Alcohol was the primary cause of death on 6,544 people's death certificates in 2004, compared with 5,525 in 2000 Alcohol-related deaths have soared by almost 20 per cent in the past five years, with health specialists warning that Britain's drinking culture is far more pervasive and lethal than smoking or drugs.
The number of people dying from diseases such as cirrhosis of the liver in some parts of the country has risen by nearly 50 per cent since 2000, according to figures released yesterday by the Office for National Statistics (ONS).
Britons are "literally drinking themselves to death", the Liberal Democrats warned, as the Government came under increasing pressure to review the imminent relaxation of licensing laws.
Alcohol was logged as the primary cause of death on 6,544 people's death certificates in 2004, compared with 5,525 in 2000, the ONS figures show. Tens of thousands more people will have died as an indirect result of alcohol from conditions such as heart disease and cancer.
Alcohol campaigners warned that the statistics were just the tip of the iceberg, with many hundreds of thousands more people suffering health problems because of excessive drinking.
While smoking rates are coming down, levels of excessive drinking and related health problems are rising every year. Lynne Featherstone, the Liberal Democrats spokeswoman on police, crime and disorder, who uncovered the figures, said the scale of the problem was "deeply worrying." She said: "The Government must address the underlying reasons why people are drinking themselves literally to death. I am worried that the proposed change to licensing laws will add to this startling increase in drink-related deaths."
The increased death toll from alcohol in some regions is even higher than the 18.4 per cent average rise for England and Wales. Fatalities in Yorkshire and the Humber rose by 46.5 per cent, in the North-east it was 28.4 per cent and in the West Midlands 24.2 per cent.
Martin Plant, professor of addiction studies at the University of the West of England, said: "Alcohol-related liver disease used to be only found in middle-aged and elderly people, but now evidence is mounting that more and more people in their twenties and thirties are being diagnosed with it. It is very depressing; in recent years we have seen more and more young people drinking more, especially women."
Doctors are now seeing girls as young as 17 with cirrhosis of the liver due to excessive drinking. The Government estimates that alcohol-related harm costs the country £20bn a year.
According to the European School Survey Project on Alcohol, British teenagers drink more than any of their EU peers. One in three girls and one in five boys aged 15 and 16 admitted to binge drinking three or more times in the previous month.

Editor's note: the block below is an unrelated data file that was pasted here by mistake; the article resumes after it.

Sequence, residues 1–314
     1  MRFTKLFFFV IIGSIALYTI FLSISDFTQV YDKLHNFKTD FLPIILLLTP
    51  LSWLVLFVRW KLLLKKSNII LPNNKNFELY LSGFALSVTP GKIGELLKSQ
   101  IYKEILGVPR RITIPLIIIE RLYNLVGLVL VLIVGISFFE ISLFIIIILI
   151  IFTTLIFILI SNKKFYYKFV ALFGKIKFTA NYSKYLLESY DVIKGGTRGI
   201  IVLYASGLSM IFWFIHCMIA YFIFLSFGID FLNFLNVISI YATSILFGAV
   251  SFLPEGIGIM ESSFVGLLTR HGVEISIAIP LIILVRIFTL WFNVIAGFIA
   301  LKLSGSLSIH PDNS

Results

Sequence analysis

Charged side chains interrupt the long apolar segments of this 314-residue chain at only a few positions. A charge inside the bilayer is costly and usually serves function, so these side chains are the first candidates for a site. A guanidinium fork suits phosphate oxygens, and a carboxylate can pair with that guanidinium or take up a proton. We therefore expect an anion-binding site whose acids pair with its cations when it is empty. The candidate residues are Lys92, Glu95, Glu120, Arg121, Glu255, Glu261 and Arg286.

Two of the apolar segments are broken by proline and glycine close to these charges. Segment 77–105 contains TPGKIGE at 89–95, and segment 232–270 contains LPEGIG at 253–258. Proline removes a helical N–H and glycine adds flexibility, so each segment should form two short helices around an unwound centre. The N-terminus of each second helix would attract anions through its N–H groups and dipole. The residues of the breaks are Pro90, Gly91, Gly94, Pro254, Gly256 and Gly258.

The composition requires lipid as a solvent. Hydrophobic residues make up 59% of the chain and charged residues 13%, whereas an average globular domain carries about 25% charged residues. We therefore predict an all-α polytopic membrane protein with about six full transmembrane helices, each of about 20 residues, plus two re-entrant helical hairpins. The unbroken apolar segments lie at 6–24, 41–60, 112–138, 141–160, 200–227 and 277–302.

Judges and police officers have warned that the reform of the licensing law, which comes into effect from November, will lead to a rise in alcohol-related crime and other social problems. They are concerned that extended drinking hours, including the potential for 24-hour opening, will create chaos, particularly on high streets with several pubs and bars and a young clientele.
Campaigners said the physical, psychological and social impact of excess and binge drinking was not confined to the young. Geethika Jayatilaka, head of policy and public affairs at the charity Alcohol Concern, said: "One of the problems is that a lot of the focus has been on binge drinking among young people when out in town centres.
"It is not to denigrate that issue, but it means that other problems have not been addressed or given the same publicity.
"There is a huge problem with hidden drinking, in the home, and among all ages and sexes and classes. It is harder to address than smoking, where you can say that every cigarette is bad for you, or drugs that are illegal, because alcohol is legal and in moderation is alright. We have got to be a lot more savvy about how we get our messages across, and maybe take our cue from how clever the drinks industry has been in advertising its products."
The Government spends £40,000 a year on campaigns advocating sensible drinking, compared with £25m on anti-smoking advertising. The drinks industry spends a collective £200m a year on marketing alcohol.
Campaigners say another factor in reducing the burden of excessive drinking lies in better treatment for alcoholics.
Richard Kramer, director of policy at the charity Turning Point, said: "At least part of the rise in deaths must be attributed to the lack of adequate services for people who need and seek help."